Maeve is glad to be getting out of JB’s office, but the warm glow that has flushed her face catches her totally by surprise. What was JB’s look all about? I hate guys like Mailcoat with their right-wing values and beer bellies so what do I see in that look? Is he looking at me like a lover? That would be so MeToo weird. Is he thinking he’s like my dad? Is he just curious, never met a FarEaster? Is there a booger in of my nose? She discretely checks her nose, no booger. A blonde executive assistant with fake eyelashes like butterflies looks up from her phone and passes along JB’s pass codes saying, “Gym’s down the hall and if you want some clean clothes, there’s some in a basket marked ‘Tricia’ above the water cooler.” Maeve computes what she’s heard but her main thoughts spring back to her truck’s blinking hazard lights out front of the Real Rush Building and how her battery is due to die any minute. “Parking garage?” she asks Tricia. “Easy,” was the answer. “Just key in L-U-C-K-Y.” She joins JB’s other sentries as they field phone calls pouring in as dead ducks hit tlevision and social media all over Oil Land and beyond. Maeve sheds greasy mud clumps as she races across the lobby and out the front doors to save her truck’s battery from certain death by hazard light. The old Pathfinder grinds a bit to get started, and the exhaust makes a new kind of racket she hasn’t heard before. She mumbles Better get someone to look at that muffler. Maeve winds a way down to executive parking, enters the L-U-C-K-Y code and pulls up beside the fleet of Real Rush 4 x 4 Suburbans and lanky Mercedes. She kicks her muddy steel-toes boots into the passenger wheel well and for the second time in less than an hour, catches the elevator up to the 38th Floor, this time in her sock feet. As she closes her eyes, the scene from JB Mailcoat’s office comes flooding in. Why did he look at me like that? Does he like me like a daughter? Or a new flame? He’s old enough to be my dad. Ding. 14th Floor. I didn’t even have a chance to talk to him about renewables instead of always oil, oil, oil. Will I ever? Ding. 25th Floor. Will he ever call me Maeve or should I just be The Kid to him forever. Ding. 31th Floor. Is Lucas still in at Tailings Pond with AntiTox? Will he ever even speak to me again after what I have done — Ding.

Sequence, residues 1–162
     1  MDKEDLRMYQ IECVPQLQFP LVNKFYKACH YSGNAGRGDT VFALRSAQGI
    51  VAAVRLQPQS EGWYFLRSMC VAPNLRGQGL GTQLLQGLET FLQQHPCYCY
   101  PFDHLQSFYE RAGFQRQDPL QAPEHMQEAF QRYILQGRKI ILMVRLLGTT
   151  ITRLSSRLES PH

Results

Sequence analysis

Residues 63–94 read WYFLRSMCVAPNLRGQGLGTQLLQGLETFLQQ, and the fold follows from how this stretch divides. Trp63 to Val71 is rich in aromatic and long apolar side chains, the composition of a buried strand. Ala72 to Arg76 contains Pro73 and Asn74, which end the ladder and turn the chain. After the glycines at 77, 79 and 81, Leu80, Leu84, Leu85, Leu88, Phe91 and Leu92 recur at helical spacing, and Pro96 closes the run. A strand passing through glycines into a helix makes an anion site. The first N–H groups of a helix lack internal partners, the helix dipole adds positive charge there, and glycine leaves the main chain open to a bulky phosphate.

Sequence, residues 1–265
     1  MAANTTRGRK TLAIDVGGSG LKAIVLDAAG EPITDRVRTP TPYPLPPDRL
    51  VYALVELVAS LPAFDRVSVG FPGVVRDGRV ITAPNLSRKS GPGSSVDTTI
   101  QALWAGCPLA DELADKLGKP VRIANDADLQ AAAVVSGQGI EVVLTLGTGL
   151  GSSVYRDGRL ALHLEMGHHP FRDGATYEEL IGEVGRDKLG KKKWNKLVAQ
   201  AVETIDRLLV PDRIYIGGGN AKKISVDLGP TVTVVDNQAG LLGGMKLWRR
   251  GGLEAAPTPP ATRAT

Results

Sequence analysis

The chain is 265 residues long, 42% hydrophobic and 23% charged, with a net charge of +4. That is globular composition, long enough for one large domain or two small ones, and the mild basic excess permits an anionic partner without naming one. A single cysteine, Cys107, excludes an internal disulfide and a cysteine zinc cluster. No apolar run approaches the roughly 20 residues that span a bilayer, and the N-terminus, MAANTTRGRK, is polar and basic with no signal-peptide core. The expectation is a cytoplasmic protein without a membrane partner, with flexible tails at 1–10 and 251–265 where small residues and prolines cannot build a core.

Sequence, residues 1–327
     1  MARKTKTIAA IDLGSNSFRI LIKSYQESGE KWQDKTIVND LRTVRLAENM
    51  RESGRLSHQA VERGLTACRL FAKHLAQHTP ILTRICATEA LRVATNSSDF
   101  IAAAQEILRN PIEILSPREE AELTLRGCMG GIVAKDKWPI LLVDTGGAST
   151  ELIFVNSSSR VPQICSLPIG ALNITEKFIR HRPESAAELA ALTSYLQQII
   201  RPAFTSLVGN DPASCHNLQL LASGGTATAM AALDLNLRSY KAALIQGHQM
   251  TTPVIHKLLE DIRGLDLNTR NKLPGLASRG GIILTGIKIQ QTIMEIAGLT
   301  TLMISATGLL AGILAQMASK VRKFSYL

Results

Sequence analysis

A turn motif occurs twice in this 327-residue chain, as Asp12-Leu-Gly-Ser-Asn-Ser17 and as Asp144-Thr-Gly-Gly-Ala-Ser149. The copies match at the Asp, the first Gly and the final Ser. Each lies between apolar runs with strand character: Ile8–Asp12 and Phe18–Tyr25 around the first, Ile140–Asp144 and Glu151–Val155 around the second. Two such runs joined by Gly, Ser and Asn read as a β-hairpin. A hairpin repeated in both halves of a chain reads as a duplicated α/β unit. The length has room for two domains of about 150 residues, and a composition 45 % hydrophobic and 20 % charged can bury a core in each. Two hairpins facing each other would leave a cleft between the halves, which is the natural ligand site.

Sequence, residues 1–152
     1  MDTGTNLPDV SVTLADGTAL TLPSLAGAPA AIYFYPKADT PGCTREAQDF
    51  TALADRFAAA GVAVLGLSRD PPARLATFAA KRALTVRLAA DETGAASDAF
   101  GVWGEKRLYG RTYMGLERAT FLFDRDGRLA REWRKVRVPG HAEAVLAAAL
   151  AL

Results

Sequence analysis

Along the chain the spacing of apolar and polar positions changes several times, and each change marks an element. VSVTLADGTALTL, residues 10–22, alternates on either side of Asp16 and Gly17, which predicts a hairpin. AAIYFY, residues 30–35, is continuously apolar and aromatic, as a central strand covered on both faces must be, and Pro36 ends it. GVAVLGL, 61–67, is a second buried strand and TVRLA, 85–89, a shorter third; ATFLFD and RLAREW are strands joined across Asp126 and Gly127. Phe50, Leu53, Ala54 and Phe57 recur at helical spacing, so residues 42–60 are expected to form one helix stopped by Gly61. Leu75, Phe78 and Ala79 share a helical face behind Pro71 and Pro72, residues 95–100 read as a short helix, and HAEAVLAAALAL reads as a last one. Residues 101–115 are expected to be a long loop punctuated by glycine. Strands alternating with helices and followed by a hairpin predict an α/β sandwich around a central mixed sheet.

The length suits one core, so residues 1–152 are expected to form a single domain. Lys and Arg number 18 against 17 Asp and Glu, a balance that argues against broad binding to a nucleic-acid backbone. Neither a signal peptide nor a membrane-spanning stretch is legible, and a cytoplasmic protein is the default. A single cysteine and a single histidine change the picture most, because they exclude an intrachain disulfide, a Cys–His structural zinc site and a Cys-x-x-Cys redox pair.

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Go Ahead and Shoot Me! And Other True Cases About Ordinary Criminals

Go Ahead and Shoot Me! And Other True Cases About Ordinary Criminals

And Other True Cases About Ordinary Criminals
by Doug Heckbert
afterword by Debbie J. Doyle
foreword by Howard Sapers
cover design or artwork by Rich Theroux
general editor Lorene Shyba
tagged : criminology
More Info

Excerpt from Chapter 1

"Sally: Go Ahead and Shoot Me"

A day or so later, I called Sally to book an appointment to see her at her home. The plan was that I would gather information about her such as age, finances, education, work record, health, marital situation, and the offence, then develop a case plan with her for the period of probation. The appointment was for two days time, at her home.
I arrived at Sally’s address in the north-central part of the city. As I pulled up in front of the house, I noted it was an older bungalow, about 1100 square feet with a well-kept yard featuring grass lawns, shrubs, flowers, and trees. The outside of the home was a combination of grey stucco and brown wood panels, in good condition. Nicely kept houses and yards were on either side of Sally’s.